BOTH teams have suffered a raft of changes in the lead-up to Scotland’s final autumn Test but Scotland’s restored skipper Kelly Brown is confident that they will not affect the home side’s performance in any adverse way.
The 31-year-old was looking to return to his preferred No 6 jersey, but after the break-down problems against South Africa and injuries the coaches re-thought their plans for Australia this week. In a new trial for Scotland’s back row, Brown has been asked to play both openside and blindside flanker along with Johnnie Beattie.
It adds to the changes with Grant Gilchrist coming into the second row for the injured Tim Swinson yesterday, while the Wallabies are settled in the back five even with Liam Gill one of the suspended quintet in the visitors’ ranks.
“We all know the issues there but all the late changes don’t disrupt things,” Brown said. “We know there are a few injuries among their backs but that doesn’t change anything either; it’s all outwith our control.
“I knew I wouldn’t play last week but that didn’t make it any easier sitting watching, so I’m looking forward to being back in. I know the coaches did talk to me and to you guys [media] about me playing at six [blindside flanker] in this match, and I have played a lot of rugby there, but if you’re asking me if I’m essentially disappointed that I am playing for Scotland then that is something I will never be.”
Brown does appear happy to fill in wherever, which is an attitude that makes Johnson’s life easier, but questions remain over Scotland’s best back-row combination. In trying to allow Brown some time back at blindside, a position where Alasdair Strokosch is currently first choice, Johnson has gone for a “left and right” approach, which means Brown and Beattie will often stay on the same side of the scrum, irrespective of whether it is nearer to the left or right touchline, and take turns to try to close down Australia’s playmaking stand-off Quade Cooper and try to dominate rucks.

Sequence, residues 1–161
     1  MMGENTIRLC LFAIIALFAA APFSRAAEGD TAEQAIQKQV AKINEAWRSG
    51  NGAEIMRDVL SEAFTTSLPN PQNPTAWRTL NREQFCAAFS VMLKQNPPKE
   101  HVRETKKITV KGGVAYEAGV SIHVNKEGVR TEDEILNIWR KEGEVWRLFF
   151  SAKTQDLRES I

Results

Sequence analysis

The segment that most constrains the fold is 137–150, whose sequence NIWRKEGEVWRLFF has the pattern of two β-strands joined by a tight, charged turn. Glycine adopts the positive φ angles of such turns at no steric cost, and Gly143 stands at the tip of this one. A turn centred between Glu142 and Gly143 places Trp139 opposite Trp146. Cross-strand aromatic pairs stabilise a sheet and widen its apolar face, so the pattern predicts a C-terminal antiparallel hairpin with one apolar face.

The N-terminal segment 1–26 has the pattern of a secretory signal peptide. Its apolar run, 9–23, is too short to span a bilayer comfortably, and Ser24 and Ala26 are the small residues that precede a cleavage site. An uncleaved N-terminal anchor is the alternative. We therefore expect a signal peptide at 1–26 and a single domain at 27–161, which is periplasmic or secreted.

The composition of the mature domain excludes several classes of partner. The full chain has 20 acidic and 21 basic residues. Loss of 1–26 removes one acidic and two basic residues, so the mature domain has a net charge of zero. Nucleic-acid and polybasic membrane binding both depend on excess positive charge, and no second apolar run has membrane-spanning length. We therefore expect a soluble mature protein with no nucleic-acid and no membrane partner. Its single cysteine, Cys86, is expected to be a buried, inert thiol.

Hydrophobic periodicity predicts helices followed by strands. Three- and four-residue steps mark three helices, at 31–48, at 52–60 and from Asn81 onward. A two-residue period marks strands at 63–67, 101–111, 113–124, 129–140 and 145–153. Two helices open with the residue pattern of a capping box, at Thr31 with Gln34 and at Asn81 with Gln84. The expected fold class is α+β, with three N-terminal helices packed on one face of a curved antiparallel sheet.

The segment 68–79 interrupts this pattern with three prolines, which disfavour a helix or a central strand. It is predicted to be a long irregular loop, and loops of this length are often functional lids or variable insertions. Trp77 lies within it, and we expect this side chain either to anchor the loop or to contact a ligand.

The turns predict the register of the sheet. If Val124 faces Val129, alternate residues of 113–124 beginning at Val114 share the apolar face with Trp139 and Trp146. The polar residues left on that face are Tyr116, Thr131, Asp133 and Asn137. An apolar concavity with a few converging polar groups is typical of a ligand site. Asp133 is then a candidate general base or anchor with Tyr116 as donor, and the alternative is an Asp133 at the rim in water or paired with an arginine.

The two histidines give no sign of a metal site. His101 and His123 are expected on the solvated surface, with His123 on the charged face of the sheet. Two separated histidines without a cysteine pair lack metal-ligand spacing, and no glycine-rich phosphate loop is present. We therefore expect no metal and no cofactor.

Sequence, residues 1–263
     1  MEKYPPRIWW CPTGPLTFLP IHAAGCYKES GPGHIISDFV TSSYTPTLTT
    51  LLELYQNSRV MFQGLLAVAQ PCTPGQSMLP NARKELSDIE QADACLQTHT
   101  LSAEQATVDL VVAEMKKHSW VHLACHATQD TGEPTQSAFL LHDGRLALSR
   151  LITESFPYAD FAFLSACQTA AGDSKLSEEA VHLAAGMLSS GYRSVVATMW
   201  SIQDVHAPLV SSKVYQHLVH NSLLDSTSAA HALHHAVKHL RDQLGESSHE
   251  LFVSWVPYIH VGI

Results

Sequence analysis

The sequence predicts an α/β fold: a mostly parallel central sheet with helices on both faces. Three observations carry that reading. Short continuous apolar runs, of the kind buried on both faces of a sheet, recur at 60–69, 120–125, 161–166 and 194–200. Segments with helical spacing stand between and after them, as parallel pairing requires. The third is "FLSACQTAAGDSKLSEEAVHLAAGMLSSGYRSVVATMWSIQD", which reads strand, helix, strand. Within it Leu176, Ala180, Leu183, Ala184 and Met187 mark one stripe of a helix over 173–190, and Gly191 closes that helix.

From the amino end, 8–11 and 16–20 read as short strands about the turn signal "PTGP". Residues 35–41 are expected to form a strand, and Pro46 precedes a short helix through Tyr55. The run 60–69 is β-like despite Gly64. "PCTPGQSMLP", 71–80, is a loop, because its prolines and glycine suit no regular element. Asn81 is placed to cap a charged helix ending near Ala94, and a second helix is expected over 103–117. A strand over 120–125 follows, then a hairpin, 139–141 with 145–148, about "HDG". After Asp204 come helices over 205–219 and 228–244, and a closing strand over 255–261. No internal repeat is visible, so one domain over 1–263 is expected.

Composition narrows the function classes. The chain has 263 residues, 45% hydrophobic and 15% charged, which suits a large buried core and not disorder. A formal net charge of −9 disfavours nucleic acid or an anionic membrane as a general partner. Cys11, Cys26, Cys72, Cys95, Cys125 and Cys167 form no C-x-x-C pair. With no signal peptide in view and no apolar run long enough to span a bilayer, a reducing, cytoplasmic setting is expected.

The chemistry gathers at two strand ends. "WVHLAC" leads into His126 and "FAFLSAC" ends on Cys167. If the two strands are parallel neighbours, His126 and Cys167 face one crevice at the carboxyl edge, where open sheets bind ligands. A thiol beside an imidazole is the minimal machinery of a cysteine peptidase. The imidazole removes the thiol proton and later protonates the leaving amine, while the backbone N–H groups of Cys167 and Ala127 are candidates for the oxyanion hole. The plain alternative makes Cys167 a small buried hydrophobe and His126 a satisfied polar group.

“We have real strength and depth in that area at the moment and that’s exciting moving forward,” said Brown. “Because I am in the seven jersey I will be the first to most of the breakdowns and I am aware I have to be accurate in that area, which is a challenge I am really looking forward to. But I don’t think of myself as a six or an eight anymore. I feel I can play all three positions in the back row and I’ve played left and right a few times, and because I’ve played openside and blindside now I’m more than happy to do that. It can give us an edge because it keeps the opposition guessing.”
Gilchrist is another player who found it difficult watching last week, but his reward is an unexpected leap into the starting line-up to face the Wallabies eight months after his Test debut against France, and a challenge to improve Scotland’s lineout play.
“I am really excited,” he admitted, “but now I have to perform and the set-piece is an area we need to get right. But right across the board there are six of us [locks] who will all have had good game-time by the end of the autumn, so it is a good position of competition with not much between people, which means that when you do get a chance you’ve got to take it.
“I think I’ve come a long way from this time last year where I was on the fringes, just looking to get a shot. Now when I get my shot I feel I need to perform well. But as the season has gone on with Edinburgh I’ve been playing better as well and think I can play well.”
As for whether he took umbrage at all the attention heaped on rivals Richie and Jonny Gray, on account of their becoming the 47th set of brothers to play for Scotland, he just shrugged.
“I’m not really bothered about making headlines,” he said, “so long as I’m playing well on the pitch that’s all that matters to me. I’m not desperate to be a cover boy – I’ve not got the looks for it anyway!”
Brown praised Gilchrist’s attitude and form for Edinburgh, but insisted that the focus for everyone was simply on winning this final Test of the year, starting with a better opening quarter that would give Murrayfield a chance of witnessing the completion of a rare three-in-a-row against Australia.
He added: “It’s important we start well and important the set-piece goes well because we put ourselves under pressure in that area last Sunday and it was hard to gain a foothold in the game.
“But we have looked at the tape and I feel we have learned our lessons so I am confident we can turn things around. They are one of the best sides in the world and it’s going to be tough, but that’s why you want to play this game.”